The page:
Boris Molodetski with his parents Gersh Molodetski and Chaya Molodetskaya

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This is me, Boris Molodetski, with my parents Gersh Molodetski and Chaya Molodetskaya. This photo was taken in Odessa in 1928.

My parents got married on 7 June 1919. They had a civil ceremony. There was no religious wedding. My parents settled down in a basement in the end of Bazarnaya Street. I was born in Odessa on 10 August 1921. I remember myself in a small damp room on the ground floor of a brick house in 10, Bolshaya Arnautskaya Street. For me the greatest pleasure was to get into my father's bed when he brought coal from the basement in the morning and watch him stoking the stove. We had a cooperative of tenants and housing manager. Tenants arranged meeting to discuss any maintenance issues in the yard. They brought down chairs, a table and someone put a bulb out of their window. We got along well with our neighbors. When in 1925 a three-bedroom apartment on the 2nd floor in our house got vacant a meeting of tenants decided to give it to us. There was a tiled stove in a big room, an old folding oak dining table, a sofa and a cupboard that my parents ordered from a cabinetmaker. It was very beautiful with stained glass folds and copper shields at the bottom. There were two beds with string mattresses in another room, a small desk, a sideboard and a wardrobe. There was an old box with copper belts around it in the hallway. My mother kept old clothes in it. In summer she aired them on the balcony. There were ostrich feathers, my mother's old embroidery pieces and an unfinished quilt rug. There were embroidered napkins on the furniture in our apartment. In 1928 our house was overhauled and the floors painted to imitate parquet.

My mother was a housewife. She was raising me. She never let me play with other boys in the street. She told me that they would teach me bad things. I was sitting on the balcony suffering terribly. My mother took me for walks always holding me by my hand. During such walks I learned to read on store signs. It was the second half of NEP, and there were many colorful signs on private stores. My mother and father spoke Russian at home, but when they decided that there was something I shouldn't know they switched to Yiddish. I knew some words in Yiddish.

My father worked as an accountant in Tserabkoop on the corner of Pushkinskaya and Deribassovskaya Streets. He audited stores and shops. Once I heard him saying to somebody 'Just go away, I want to sleep quietly'. And then the door closed. It was a guilty director of a store asking my father to come to his help. My father didn't have many clothes, but he kept them clean. At work he wore black over sleeves. I remember that for three years in a row he wore a khaki shirt, boots and trousers of thick fabric. It turned out that it was prison wardens' uniform and he managed to get one somehow. My father was a melancholic person. He had acting talents. When we had guests occasionally he used to read Sholem Alechem to them in Russian and Yiddish. We visited my father's colleague Spivak in Pochtovaya Street. Those were quiet evenings: they talked and told jokes. There was no singing, dancing or drinking.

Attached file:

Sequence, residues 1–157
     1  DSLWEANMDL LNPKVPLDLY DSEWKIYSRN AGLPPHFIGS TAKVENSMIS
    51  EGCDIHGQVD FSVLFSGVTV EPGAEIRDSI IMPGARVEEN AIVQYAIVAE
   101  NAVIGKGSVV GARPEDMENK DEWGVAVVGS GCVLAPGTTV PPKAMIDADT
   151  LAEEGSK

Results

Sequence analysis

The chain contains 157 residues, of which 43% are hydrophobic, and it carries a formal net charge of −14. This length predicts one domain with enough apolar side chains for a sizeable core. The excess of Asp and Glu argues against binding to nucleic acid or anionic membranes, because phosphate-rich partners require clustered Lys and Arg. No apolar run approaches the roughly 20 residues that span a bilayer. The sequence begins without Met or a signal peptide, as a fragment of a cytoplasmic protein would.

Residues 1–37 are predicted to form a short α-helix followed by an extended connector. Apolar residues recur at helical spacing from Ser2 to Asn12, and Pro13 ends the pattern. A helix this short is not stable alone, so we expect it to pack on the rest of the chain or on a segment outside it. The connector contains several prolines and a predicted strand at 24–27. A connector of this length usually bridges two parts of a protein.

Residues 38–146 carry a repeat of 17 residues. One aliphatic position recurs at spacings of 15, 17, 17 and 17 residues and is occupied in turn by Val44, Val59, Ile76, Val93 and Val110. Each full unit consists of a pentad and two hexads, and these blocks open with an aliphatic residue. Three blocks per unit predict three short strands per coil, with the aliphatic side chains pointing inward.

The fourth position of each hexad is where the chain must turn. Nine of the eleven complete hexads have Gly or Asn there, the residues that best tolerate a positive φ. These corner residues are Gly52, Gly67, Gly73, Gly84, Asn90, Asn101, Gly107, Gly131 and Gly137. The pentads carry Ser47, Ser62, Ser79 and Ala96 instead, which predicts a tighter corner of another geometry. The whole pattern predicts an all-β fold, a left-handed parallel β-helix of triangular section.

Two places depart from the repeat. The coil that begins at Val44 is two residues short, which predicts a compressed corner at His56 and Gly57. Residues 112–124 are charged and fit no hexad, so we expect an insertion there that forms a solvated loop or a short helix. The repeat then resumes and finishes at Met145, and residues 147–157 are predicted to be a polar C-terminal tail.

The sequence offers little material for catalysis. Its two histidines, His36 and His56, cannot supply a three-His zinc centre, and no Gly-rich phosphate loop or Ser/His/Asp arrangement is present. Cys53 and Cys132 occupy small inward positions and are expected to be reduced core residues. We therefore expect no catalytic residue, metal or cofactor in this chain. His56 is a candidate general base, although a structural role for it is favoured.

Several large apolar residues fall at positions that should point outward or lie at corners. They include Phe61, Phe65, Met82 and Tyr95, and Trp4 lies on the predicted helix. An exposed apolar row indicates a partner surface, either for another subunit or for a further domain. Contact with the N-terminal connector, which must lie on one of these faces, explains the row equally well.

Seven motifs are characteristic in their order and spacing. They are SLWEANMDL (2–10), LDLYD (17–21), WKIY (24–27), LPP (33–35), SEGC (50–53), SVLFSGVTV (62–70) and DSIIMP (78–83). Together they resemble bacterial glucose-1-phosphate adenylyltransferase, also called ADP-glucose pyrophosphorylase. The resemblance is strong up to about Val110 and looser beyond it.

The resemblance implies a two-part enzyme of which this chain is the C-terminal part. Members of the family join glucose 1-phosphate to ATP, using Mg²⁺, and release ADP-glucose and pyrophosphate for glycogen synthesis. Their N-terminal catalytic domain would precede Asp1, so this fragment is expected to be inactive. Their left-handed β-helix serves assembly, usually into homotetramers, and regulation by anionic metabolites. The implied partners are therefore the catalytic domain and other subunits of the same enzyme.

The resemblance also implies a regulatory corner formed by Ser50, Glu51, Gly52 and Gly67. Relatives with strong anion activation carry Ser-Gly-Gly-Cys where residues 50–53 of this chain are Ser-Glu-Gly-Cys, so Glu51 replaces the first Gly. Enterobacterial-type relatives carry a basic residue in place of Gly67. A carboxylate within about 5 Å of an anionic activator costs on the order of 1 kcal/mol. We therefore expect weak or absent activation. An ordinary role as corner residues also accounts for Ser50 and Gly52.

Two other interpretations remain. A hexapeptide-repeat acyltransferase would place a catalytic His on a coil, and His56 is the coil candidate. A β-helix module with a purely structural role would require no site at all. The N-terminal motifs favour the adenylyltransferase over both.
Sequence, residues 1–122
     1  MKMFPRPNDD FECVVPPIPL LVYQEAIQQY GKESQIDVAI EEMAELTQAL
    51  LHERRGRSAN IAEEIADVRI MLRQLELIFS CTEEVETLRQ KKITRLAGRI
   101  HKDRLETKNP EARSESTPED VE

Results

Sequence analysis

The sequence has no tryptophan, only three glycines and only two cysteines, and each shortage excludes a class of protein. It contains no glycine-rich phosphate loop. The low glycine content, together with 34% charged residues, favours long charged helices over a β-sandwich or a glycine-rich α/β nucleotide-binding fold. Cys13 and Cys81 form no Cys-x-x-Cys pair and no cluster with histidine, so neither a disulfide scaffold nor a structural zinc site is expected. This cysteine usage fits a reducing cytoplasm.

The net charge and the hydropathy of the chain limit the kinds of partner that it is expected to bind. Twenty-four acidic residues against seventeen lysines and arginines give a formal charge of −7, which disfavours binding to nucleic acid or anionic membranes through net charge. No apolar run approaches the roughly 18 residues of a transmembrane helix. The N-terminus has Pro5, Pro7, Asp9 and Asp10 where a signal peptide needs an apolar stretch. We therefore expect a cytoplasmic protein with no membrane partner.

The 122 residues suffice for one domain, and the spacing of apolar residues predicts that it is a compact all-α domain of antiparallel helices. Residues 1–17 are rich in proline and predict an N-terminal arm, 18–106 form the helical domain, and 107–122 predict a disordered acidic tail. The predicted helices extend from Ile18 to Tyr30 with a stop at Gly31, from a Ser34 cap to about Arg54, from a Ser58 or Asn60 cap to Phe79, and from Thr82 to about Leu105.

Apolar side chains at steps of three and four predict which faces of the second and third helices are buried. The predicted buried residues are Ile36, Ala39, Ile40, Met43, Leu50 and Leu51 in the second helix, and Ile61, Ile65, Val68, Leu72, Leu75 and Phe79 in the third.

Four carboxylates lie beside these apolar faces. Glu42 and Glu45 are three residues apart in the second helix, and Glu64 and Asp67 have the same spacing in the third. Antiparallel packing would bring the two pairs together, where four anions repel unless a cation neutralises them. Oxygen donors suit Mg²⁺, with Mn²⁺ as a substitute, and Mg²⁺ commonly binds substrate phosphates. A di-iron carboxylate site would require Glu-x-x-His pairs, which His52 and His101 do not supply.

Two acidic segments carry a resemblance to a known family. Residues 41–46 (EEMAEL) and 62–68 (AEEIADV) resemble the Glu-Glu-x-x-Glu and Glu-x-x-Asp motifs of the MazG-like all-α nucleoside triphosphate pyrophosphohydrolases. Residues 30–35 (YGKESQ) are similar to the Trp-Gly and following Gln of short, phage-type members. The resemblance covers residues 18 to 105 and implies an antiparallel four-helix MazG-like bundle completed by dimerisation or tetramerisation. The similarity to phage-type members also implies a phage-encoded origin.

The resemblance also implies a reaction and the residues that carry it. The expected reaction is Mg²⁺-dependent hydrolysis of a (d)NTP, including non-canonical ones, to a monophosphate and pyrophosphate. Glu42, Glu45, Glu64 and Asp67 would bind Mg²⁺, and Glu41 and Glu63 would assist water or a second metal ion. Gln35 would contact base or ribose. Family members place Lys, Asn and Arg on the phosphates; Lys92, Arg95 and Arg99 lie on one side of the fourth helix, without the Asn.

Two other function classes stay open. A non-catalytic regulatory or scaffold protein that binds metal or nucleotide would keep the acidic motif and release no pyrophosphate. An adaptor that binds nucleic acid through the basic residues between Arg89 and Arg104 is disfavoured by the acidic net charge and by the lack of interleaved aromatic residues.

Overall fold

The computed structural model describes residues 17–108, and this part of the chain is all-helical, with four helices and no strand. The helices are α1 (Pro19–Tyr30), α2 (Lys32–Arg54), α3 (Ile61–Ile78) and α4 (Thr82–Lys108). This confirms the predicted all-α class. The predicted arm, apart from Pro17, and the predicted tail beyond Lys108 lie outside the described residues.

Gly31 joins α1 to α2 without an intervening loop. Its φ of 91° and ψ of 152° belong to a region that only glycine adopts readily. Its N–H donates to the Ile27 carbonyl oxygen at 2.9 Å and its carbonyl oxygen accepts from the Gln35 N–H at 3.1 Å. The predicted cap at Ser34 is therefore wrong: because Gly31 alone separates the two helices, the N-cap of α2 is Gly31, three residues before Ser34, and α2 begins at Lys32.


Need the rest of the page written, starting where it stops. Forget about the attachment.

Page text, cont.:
My parents were not religious. I was a convinced atheists and turned my head away when I passed by a church. We celebrated Soviet holidays at home, but never Jewish holidays. We lived a modest life, but we always had good food. My mother believed food was of the utmost importance. She could make do with whatever she had to wear, but she liked to eat heartily and loved to make food for us. My mother valued chicken. Our standard lunch consisted of chicken broth with rice and a piece of chicken with garnish. She also cooked gefilte fish and dishes from matzah. However, she rarely cooked with matzah since we could only get it at the synagogue and at this period it had to be done in secret. When I got ill my mother made me cutlets from big bullheads. I liked them so much that I used to tell mother 'I wish I got ill!' She cooked on a primus stove. I was responsible for the stove: I had to refill kerosene, watch needle stocks and clean the head. I took the stove to the open staircase behind the backdoor, took the head and stretching my hands off the handrails cleaned the soot. Sometimes I had to go stand in line for kerosene at 5 o'clock in the morning. I used to stand 3-4 hours before I could buy 2 liters of kerosene.

Interview details

Interviewee: Boris Molodetski
Natalia Rezanova
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Odessa, Ukraine


Boris Molodetski
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Russian Federation
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Other Person

Chaya Molodetskaya
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Sosnitsa, Chernigov province
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